But there was I, a great boy,

   And what would folks say

To hear my mother singing me

   To sleep all day,

   In such a daft way?


Men say the winter

   Was bad that year;

Fuel was scarce,

   And food was dear.


A wind with a wolf’s head

   Howled about our door,

And we burned up the chairs

   And sat on the floor.


All that was left us

   Was a chair we couldn’t break,

And the harp with a woman’s head

   Nobody would take,

   For song or pity’s sake.


The night before Christmas

   I cried with the cold,

I cried myself to sleep

   Like a two-year-old.


And in the deep night

   I felt my mother rise,

And stare down upon me

   With love in her eyes.


I saw my mother sitting

   On the one good chair,

A light falling on her

   From I couldn’t tell where,


Looking nineteen,

   And not a day older,

And the harp with a woman’s head

   Leaned against her shoulder.


Her thin fingers, moving

   In the thin, tall strings,

Were weav-weav-weaving

   Wonderful things.


Many bright threads,

   From where I couldn’t see,

Were running through the harp-strings



And gold threads whistling

   Through my mother’s hand.

I saw the web grow,

   And the pattern expand.


She wove a child’s jacket,

   And when it was done

She laid it on the floor

   And wove another one.


She wove a red cloak

   So regal to see,

“She’s made it for a king’s son,”

   I said, “and not for me.”

   But I knew it was for me.


She wove a pair of breeches

   Quicker than that!

She wove a pair of boots

   And a little cocked hat.


She wove a pair of mittens,

   She wove a little blouse,

She wove all night

   In the still, cold house.


She sang as she worked,

   And the harp-strings spoke;

Her voice never faltered,

   And the thread never broke.

   And when I awoke,—


There sat my mother

   With the harp against her shoulder

Looking nineteen

   And not a day older,


A smile about her lips,

   And a light about her head,

And her hands in the harp-strings

   Frozen dead.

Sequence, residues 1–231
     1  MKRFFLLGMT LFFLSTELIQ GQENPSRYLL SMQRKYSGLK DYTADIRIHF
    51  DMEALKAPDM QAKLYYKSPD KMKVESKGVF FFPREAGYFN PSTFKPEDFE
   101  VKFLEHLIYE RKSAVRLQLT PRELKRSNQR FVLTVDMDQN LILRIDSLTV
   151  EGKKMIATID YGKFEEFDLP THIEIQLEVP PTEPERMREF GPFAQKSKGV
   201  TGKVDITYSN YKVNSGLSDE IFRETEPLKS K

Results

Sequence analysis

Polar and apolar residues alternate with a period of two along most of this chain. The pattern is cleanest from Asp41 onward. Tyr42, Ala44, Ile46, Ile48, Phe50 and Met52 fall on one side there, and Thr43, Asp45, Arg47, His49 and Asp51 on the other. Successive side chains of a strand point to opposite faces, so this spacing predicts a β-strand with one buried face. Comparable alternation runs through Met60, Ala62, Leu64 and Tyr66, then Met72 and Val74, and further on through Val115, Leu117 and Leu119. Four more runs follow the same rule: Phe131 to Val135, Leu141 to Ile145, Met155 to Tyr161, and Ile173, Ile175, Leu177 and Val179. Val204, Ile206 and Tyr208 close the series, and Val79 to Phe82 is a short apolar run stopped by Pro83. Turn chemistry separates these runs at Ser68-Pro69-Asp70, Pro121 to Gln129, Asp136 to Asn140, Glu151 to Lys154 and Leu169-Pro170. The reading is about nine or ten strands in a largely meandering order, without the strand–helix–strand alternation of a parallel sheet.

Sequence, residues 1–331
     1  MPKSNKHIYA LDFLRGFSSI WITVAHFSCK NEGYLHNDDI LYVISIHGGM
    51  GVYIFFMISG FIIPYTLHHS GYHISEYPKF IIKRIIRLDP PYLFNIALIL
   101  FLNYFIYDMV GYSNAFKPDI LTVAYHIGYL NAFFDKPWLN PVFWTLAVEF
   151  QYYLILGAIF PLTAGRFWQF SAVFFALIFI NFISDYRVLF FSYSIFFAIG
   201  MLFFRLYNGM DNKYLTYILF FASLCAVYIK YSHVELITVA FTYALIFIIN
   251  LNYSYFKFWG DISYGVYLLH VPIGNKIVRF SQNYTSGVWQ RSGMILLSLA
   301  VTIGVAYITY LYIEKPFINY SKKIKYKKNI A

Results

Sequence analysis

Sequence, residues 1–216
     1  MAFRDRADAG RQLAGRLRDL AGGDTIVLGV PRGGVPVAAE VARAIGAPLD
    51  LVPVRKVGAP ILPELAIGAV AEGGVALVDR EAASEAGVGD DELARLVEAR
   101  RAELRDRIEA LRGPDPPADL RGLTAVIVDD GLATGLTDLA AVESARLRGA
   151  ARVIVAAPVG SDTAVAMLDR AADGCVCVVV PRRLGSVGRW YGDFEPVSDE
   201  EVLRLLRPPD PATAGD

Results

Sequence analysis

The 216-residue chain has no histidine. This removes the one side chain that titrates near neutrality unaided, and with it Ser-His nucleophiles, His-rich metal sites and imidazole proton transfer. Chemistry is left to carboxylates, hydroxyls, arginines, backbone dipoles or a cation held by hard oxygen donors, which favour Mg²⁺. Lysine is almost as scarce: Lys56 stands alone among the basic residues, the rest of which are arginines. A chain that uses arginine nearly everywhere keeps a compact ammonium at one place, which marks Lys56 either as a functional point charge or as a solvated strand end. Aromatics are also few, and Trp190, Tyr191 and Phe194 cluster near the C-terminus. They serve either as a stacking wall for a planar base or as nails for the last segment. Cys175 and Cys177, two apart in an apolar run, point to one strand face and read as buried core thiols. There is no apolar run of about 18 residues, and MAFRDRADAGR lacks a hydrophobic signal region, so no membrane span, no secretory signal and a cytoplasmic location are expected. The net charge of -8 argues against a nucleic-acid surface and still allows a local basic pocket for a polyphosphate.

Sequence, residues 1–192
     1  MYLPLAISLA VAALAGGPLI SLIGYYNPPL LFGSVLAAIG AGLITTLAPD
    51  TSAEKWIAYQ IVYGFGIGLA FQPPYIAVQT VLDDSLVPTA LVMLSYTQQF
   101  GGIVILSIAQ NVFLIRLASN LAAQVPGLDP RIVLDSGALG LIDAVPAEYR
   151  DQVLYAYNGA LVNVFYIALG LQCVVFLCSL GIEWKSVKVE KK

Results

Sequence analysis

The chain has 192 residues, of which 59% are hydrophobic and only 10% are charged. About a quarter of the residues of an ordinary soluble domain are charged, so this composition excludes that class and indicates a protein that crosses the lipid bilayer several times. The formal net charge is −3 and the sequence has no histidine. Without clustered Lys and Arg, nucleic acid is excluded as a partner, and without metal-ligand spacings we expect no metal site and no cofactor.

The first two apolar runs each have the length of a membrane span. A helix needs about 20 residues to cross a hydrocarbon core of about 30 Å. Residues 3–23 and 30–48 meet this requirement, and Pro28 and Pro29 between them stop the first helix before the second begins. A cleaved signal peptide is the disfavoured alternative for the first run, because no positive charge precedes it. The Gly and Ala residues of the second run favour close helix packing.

And piled up beside her

   And toppling to the skies,

Were the clothes of a king’s son,

   Just my size.

Millay is also most famously known for coining the phrase “My candle burns at both ends…” from Figs from Thistles: First Fig.

Figs from Thistles: First Fig

My candle burns at both ends;
   It will not last the night;
But ah, my foes, and oh, my friends—
   It gives a lovely light!

(, 2019)

I hope you enjoy these posts. Thanks for stopping by and reading, and please feel free to post your own poetry in the comments if you feel inspired by the photographs. I always love reading other peoples perspective on “art”.


The Hairbag Poet


10 thoughts on “The Hairbag Poet-Edna St. Vincent Millay

  1. I remember reading her in grammar school but never Harp Weaver. I guess the nuns thought it would be too depressing. And, depressing it is! I have to read up her life now. Thanks for making me think.

  2. Oh yes, I do enjoy Edna St Vincent Millay–and I learned some more about her. I did not realize she coined burning the candle at both ends–I’ve been guilty of doing so. In college, I had a candle stub that was burnt on both ends as a reminder to slow down. I came across it the other day.

    • Yes Michelle I was drawn right in as well. It’s a bit haunting. When I read it was a sort of tribute to her own mother who worked so hard, I think I understood more about why I was drawn in.